LA'KOI WOOTEN (Women's Basketball, 1984-85) -- La'koi Wooten, a 6-foot forward from Crenshaw High in Los Angeles, was an MVP in Army basketball coming out of high school. She played one season at UTEP, then transferred to Palomar to play for coach Teri Bamford, a former assistant at UC Irvine, and led the 1984-85 Comets to the Pacific Coast Conference championship and the program's first-ever undefeated conference season. She was selected as conference Player of the Year as Palomar won the PCC title by four games over second-place San Diego Mesa to complete a remarkable turn-around that saw the Comets go from 0-15 in conference during the 1983-1984 season to 12-0 in 1984-85. Wooten averaged 19.5 points and 14.5 rebounds on the season against one of the toughest schedules in the state. Her 23 points and 12 rebounds kept the Comets close for most of the game in a loss to eventual California community college champion Los Angeles Trade Tech on Nov. 24, had 25 points and 22 rebounds in the Comets' first meeting with eventual state semifinalist Santa Monica College in December and had 20 points and 22 rebounds in the teams' second meeting in March as the Corsairs eliminated them from the Southern Cal Regionals. Wooten also had monster performances of 22 points and 16 rebounds vs. NJCAA power Pima (AZ) Community College, 25 points and 20 rebounds vs. College of the Desert, 32 points and 17 rebounds vs. San Diego Mesa, 28 points and 17 rebounds in a 73-46 victory over Grossmont and 23 points and 24 rebounds in an 87-37 win over MiraCosta. She also pulled down 23 rebounds against San Diego City College. Wooten was selected to an all-star team that played a series of games against the Hong Kong Basketball Association National Team in China, returned to play on the Division I level for United States International University and played professional basketball in Aukland, New Zealand. She later became a hugely popular rapper in Aukland.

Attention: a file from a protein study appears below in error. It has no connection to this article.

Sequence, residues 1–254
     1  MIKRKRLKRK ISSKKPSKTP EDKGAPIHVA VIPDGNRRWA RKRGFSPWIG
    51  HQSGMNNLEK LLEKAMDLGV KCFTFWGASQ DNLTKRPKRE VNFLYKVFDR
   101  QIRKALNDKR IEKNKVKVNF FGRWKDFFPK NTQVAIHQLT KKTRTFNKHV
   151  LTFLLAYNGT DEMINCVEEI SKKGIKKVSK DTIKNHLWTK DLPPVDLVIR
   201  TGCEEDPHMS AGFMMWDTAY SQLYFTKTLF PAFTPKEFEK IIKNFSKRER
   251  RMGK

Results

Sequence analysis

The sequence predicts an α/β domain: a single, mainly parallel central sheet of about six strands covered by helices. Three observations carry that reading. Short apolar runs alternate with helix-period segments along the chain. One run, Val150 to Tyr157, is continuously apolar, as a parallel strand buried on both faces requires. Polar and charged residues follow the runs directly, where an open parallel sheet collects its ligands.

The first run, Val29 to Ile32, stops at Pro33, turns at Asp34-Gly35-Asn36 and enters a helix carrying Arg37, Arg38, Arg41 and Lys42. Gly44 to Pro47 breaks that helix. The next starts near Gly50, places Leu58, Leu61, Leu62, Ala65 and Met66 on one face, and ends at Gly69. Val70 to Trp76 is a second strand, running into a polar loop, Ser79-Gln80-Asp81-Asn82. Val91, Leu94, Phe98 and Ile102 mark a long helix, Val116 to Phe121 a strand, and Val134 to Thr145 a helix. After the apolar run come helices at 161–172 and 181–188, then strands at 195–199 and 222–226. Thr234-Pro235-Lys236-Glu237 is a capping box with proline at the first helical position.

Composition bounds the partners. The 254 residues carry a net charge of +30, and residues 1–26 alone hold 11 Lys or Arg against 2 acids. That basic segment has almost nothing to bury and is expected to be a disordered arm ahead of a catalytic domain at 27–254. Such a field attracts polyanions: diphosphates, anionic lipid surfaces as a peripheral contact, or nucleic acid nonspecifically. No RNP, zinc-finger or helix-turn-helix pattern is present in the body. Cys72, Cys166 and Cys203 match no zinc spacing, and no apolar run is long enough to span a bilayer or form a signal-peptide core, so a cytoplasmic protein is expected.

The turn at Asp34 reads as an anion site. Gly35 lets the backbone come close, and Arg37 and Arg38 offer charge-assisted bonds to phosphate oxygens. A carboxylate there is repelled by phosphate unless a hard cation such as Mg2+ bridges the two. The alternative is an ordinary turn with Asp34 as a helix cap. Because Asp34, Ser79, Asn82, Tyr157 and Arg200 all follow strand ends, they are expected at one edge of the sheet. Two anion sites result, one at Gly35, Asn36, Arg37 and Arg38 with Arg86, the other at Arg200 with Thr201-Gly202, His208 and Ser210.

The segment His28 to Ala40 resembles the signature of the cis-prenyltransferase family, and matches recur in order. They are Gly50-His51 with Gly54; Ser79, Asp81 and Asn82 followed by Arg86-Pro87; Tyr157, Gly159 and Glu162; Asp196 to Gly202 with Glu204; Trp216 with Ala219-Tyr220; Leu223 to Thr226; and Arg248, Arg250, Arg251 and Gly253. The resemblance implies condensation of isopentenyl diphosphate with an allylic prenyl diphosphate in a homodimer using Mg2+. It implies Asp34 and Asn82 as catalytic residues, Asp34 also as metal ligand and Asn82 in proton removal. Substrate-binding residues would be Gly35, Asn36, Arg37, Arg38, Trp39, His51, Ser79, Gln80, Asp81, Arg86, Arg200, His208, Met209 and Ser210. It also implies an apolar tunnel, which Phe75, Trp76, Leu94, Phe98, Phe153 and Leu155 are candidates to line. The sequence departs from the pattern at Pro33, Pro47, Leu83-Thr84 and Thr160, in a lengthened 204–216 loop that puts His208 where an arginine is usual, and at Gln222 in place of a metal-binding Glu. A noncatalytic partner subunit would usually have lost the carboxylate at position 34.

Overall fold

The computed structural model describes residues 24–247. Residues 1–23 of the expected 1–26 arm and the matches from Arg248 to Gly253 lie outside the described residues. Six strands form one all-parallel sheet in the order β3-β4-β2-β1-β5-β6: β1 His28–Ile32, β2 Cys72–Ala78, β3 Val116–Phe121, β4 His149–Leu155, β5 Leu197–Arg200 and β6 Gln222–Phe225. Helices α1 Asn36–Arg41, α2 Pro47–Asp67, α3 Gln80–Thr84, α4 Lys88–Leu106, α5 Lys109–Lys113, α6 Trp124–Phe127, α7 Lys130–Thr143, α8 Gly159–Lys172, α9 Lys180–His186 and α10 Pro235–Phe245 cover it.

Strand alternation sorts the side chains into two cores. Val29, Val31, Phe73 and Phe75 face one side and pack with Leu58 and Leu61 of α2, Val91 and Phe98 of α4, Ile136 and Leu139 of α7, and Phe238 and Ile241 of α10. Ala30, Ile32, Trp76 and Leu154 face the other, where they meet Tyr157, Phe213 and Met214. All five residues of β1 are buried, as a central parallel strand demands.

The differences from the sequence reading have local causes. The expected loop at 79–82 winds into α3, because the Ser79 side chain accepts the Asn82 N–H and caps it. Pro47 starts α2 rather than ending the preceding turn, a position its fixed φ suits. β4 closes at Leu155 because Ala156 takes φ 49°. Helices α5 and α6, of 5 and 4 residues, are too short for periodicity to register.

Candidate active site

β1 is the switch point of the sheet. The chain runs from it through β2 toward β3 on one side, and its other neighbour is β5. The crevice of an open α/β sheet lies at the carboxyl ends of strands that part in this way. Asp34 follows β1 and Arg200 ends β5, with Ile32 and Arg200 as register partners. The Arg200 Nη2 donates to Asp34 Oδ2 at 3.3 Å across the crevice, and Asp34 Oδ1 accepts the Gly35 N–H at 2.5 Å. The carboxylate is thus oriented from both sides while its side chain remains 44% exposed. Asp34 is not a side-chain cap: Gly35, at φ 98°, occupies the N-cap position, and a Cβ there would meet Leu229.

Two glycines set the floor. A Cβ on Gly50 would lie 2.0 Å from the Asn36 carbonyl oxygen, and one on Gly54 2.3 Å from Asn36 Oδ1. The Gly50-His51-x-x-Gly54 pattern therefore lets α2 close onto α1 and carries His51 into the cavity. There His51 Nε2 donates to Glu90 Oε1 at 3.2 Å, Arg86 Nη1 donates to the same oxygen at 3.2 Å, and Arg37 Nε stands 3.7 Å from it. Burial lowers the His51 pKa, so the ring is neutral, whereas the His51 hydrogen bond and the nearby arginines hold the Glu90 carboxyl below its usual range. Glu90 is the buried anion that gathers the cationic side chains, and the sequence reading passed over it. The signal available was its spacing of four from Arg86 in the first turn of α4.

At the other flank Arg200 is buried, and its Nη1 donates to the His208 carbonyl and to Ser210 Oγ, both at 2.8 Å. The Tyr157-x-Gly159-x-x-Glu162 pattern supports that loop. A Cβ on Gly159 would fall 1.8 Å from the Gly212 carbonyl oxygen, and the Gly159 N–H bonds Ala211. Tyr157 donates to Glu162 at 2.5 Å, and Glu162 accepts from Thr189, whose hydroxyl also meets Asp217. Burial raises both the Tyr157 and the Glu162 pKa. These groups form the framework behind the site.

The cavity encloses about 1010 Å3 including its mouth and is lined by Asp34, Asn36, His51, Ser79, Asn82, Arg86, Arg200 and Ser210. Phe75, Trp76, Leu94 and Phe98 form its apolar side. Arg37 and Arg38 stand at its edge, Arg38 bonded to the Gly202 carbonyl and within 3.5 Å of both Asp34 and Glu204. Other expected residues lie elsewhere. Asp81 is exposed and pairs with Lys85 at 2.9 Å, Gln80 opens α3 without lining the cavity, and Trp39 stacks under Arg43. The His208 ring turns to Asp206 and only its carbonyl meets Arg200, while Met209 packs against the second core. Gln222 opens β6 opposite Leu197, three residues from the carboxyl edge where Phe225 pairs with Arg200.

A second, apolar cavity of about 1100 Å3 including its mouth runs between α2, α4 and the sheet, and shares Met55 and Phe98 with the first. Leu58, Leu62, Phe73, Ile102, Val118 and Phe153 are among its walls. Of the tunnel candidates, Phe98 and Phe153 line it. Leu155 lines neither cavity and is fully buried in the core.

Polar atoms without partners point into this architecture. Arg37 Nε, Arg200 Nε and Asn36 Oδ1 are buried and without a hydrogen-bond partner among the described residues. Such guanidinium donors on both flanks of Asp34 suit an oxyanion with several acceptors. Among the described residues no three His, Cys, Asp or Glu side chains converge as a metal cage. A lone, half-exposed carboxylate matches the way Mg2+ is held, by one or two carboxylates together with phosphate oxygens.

KARIN YEHLING (Softball, 1987-88) -- A two-sport star at Carlsbad High School, Karin Yehling focused on softball at Palomar and helped coach Mark Eldridge's Comets to a combined 75-17-1 record and back-to-back Pacific Coast Conference championships in 1987 and 1988. She was a two-time all-state shortstop and was selected to the All-State Tournament team twice. Yehling helped Palomar go 40-9 in her freshman season and 35-8-1 as a sophomore, when the Comets placed second in the state tournament. She received a scholarship to NCAA Division I power Cal State Fullerton and started 58 games for the Titans before a late-season injury that required surgery and ended her softball career. Yehling earned her Bachlor of Science degree at CSUF and is a successful certified personal athletic trainer. She lives in Sylmar.


ABOVE: USC safety Bill Jaroncyk (41) breaks up a pass thrown by Purdue quarterback Bob Greise on a first-quarter play from the Trojans' 4-yard line to prevent a touchdown in the 1967 Rose Bowl game. The Boilermakers eventually won 14-13 before a crowd of 101,455. But Jaroncyk and the Trojans came back to win the '67 national championship, capped by a 14-3 victory over Indiana before 102,946 in the 1968 Rose Bowl. Jaroncyk was inducted into the Palomar Athletic Hall of Fame on Saturday evening. His football and baseball coach at Palomar, Cecil McGehee, came from out of town to be at the dinner for Jaroncyk's induction. BELOW: Augrista Belford, who went on to become an All-SEC selection at Arkansas, then transferred to Cal State Northridge and led the Matadores to the Big West Conference title and an NCAA Tournament berth, was one of three softball players inducted.

2013: PC Hall of Fame inducts 14 new members

SAN MARCOS (8-24-2013) -- Palomar's Athletic Hall of Fame Class of 2013 was inducted on Saturday evening  at St. Mark Golf Club (formerly Lake San Marcos Country Club and Resort).

The 14 members of the second Palomar Hall of Fame Class:

BILL JARONCYK -- After a two-year career at Palomar under coach Cecil McGehee in 1964 and 1965, Jaroncyk started at safety for back-to-back Rose Bowl teams at USC and helped lead coach John McKay's Trojans to the 1967 national championship. The '67 season was capped by a 14-3 Rose Bowl victory over Indiana on Jan. 1, 1968. Also an outstanding outfielder, he was offered a baseball scholarship by BYU after his freshman season in Spring 1966 but turned it down to return to Palomar for his sophomore football season. After the '66 football season, Jaroncyk accepted a full football scholarship to USC. He also was offered a full scholarship from USC baseball coach Rod Dedeaux but again chose football over baseball. An injury ended his football career after he signed with the New Orleans Saints. Next stop for Jaroncyk: flying combat jets as a U.S. Navy pilot during Vietnam. McGehee, who later was a football assistant at the University of Arizona and then Associate Athletic Director at the University of Colorado, was both Jaroncyk's football and baseball coach at Palomar and was at the Hall of Fame dinner to see Jaroncyk get inducted.